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MATH431 Linear Regression

Analyze linear regression models to determine the nature of the relationship between sets of predictor variables and a particular response variable. Apply logistic regression, Poisson regression, and general linear regression models as nonlinear regression models when response outcomes are discrete and error terms are not normally distributed. At a minimum, your summary should include: What was learned during the weeks seven and eight. 
A summary of your thoughts on the material covered during the weeks. Identify a practical application (not a problem, but an application) that uses one or more of the concepts discussed this week. Show your work in your solution to the practical application  Links to any web sites used to help support learning and understanding of the materials for the week. (Outside of the tutorials) Please be detailed in your practical example.
Explain which formulas or concepts used and what the results are. If you have difficulties with a good practical example, look at the applications in the text book and see if you can derive similar experiences. Below is a weekly summary from a student that got full credit. This is what is expected in your weekly summary. Do not short change yourself on this assignment. These are easy points. What I learned this week:
Per our textbook's theorem and excluding degenerate cases, the equation A x 2 + C y 2 + D x + E y + F = 0 (where A and C ? 0), by the product of AC defines a parabola if the result is zero, an ellipse if the result is greater than zero, and a hyperbola if the result is less than zero. I also learned how to use a rotation of axes to transform equations using the definitions of sine and cosine. Also, I learned that a rotation through an appropriate angle can transform any equation of the form of the (aforementioned) equation into an equation in x' and y' without an x'y' -term.
To transform the (above) equation into an equation in x' and y' without an x'y' -term, rotate the axes through an angle ? that satisfies the equation cot (2?) = (A-C)/B My thoughts on the material: After reviewing the lesson of the week, I came to the understanding that ultimately utilizing a rotation of axes to transform equations permits us to pursue correlations that will allow us to express x and y in terms of x' , y' and ?. This led to the formation of the rotation formulas theorem. Practical Application: An ellipse is a curve on a plane surrounding two focal points such that a straight line drawn from one of the focal points to any point on the curve and then back to the other focal point has the same length for every point on the curve. The path of a gear in a piece of mechanical equipment is given by the equation 7 x 2 + 8 xy +7 y 2 – 6 = 0 Determine the appropriate angle that will allow the other gear to turn while maintaining contact at all times. Using the theorem, we can first identify the conic section associated with this equation, by finding the result of AC . In this case, A = 7 and C = 7, so AC = 49, which, per the theorem, defines an ellipse because AC is greater than zero. Determine the appropriate rotation formulas to use so that the new equation contains no xy-term. 7 x 2 + 8 xy +7 y 2 – 6 = 0 The rotation formula theorem states that if the x - and y - axes are rotated through an angle ?, the coordinates ( x , y ) of a point P relative to the xy-plane and the coordinates ( x ', y ') of the same point relative to the new x '- and y ' axes are related by the formulas x = x' cos ? – y' sin ? y = x' sin ? – y' cos ?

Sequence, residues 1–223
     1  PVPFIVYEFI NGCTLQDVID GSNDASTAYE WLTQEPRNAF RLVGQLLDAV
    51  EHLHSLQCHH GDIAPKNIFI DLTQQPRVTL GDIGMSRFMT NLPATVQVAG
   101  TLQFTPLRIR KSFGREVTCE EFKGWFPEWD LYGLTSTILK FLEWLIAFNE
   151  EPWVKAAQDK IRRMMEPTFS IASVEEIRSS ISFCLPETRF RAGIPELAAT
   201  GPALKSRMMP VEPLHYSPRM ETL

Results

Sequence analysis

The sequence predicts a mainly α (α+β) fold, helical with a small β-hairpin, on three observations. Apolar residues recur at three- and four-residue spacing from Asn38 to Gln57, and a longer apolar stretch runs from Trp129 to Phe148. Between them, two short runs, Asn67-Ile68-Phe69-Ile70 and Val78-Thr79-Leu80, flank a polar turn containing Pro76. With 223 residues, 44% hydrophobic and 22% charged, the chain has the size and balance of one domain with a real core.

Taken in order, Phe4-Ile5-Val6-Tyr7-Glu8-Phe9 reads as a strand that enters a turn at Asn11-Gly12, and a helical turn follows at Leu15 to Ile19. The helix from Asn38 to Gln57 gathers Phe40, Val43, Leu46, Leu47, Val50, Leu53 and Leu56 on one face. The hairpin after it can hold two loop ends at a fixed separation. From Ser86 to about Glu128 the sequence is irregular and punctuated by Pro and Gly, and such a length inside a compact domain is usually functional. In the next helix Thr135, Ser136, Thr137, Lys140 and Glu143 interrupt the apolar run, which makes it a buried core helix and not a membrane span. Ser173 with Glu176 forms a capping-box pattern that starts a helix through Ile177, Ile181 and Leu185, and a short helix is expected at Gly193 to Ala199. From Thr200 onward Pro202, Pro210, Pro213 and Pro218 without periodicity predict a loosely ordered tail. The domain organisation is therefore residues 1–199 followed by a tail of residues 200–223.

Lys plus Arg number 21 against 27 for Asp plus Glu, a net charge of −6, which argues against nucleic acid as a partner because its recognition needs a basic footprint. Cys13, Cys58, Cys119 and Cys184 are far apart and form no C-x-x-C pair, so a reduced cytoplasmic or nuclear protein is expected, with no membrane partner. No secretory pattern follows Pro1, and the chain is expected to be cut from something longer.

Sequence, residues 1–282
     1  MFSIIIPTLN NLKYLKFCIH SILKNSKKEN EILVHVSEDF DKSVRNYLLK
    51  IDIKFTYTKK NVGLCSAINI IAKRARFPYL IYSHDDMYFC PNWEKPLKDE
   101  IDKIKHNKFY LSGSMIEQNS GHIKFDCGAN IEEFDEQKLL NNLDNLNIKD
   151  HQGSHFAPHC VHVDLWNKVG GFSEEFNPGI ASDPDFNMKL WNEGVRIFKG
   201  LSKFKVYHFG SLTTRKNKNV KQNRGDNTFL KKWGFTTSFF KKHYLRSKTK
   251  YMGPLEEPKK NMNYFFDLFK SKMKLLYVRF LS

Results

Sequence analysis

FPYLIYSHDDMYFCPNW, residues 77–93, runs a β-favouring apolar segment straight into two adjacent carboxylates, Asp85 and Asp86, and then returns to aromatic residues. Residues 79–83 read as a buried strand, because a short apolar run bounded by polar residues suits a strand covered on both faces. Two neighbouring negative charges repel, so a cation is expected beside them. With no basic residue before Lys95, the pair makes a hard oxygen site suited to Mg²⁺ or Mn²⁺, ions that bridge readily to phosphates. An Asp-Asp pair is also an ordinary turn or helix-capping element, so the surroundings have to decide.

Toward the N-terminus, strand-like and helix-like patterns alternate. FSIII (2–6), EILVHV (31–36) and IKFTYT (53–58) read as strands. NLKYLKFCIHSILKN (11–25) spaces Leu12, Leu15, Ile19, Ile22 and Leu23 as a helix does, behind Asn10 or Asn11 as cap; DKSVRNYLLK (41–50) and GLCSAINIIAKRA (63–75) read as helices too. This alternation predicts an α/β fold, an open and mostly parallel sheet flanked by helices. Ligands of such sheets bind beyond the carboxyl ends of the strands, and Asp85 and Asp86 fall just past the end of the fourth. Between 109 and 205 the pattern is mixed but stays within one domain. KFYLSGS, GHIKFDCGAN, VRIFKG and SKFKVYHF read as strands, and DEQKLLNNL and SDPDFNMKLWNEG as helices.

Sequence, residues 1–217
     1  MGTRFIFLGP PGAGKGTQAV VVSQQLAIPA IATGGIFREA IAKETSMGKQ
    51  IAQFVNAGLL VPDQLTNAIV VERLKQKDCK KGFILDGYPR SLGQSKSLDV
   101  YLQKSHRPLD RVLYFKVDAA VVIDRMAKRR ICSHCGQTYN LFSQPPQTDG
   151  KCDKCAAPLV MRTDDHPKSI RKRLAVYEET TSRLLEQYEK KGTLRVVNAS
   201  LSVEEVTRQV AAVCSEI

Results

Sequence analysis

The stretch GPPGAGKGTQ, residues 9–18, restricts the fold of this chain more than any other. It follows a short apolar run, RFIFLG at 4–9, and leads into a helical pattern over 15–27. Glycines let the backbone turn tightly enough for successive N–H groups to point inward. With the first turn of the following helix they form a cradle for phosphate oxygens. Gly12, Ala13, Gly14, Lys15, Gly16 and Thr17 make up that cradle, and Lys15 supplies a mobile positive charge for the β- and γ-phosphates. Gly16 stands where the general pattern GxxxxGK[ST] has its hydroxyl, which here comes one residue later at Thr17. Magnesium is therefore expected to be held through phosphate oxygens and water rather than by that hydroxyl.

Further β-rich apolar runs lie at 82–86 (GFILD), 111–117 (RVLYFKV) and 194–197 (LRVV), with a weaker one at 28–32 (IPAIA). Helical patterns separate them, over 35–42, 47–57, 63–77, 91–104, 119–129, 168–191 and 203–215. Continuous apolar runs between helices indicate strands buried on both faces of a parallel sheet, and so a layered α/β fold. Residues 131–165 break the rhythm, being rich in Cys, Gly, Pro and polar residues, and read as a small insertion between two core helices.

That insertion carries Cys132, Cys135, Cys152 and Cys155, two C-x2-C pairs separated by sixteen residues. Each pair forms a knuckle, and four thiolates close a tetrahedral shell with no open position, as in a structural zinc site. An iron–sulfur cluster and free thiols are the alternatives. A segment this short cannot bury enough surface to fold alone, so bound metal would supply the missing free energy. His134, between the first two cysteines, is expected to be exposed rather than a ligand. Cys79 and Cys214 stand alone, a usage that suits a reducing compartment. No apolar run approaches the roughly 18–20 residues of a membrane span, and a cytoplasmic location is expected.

To determine the angle ? that, in conjunction with the rotation formulas, will eliminate the term 8 xy from the given equation, we use the transformation theorem which states that To transform the equation A x 2 + B xy + C y 2 + D x + E y + F = 0, B ? 0 into an equation in x ' and y ' without an x ' y '-term, rotate the axes through an angle ? that satisfies the equation \f[cos(2\theta)=\frac{A-C}{B}\f] So, we will use the following rules to choose an acute angle ? If cot (2?) ? 0, then 0° < 2? ? 90°, so 0° < ? ? 45° If cot (2?) < 0, then 90° < 2? < 180°, so 45° < ? < 90°. Each of these results in a counterclockwise rotation of the axes through an angle ?. We find ? using A = 7, B = 8, and C = 7. cot (2 ?) = (7-7)/8 = 0 Since cot (2?) = 0, 2? = 90° and ? = 45°. Find cos ?. cos(45°) = \f$\frac{\sqrt{2}}{2}\f$ Find sin ?. sin(45°) = \f$\frac{\sqrt{2}}{2}\f$ Now we can determine the rotation formulas. x = x' cos ? – y' sin ? = x'\f$\frac{\sqrt{2}}{2}\f$ – y'\f$\frac{\sqrt{2}}{2}\f$ = \f$\frac{\sqrt{2}}{2}\f$ (x' – y') y = x' sin ? + y' cos ? = x' \f$\frac{\sqrt{2}}{2}\f$ + y'\f$\frac{\sqrt{2}}{2}\f$ = \f$\frac{\sqrt{2}}{2}\f$ (x' + y') This practical application supports the fact that two non-circular gears with the same elliptical outline, each pivoting around one focus and positioned at the proper angle, will turn smoothly while maintaining contact at all times.
Such elliptical gears may be used in mechanical equipment to produce variable angular speed or torque from a constant rotation of the driving axle. An interesting website that I visited (outside of those listed in our Content section and in the syllabus) is Real-Life Applications — Conic Sections. It includes a fascinating slide show of several real-life applications of conic sections. I invite you all to give it a look if you have the time.

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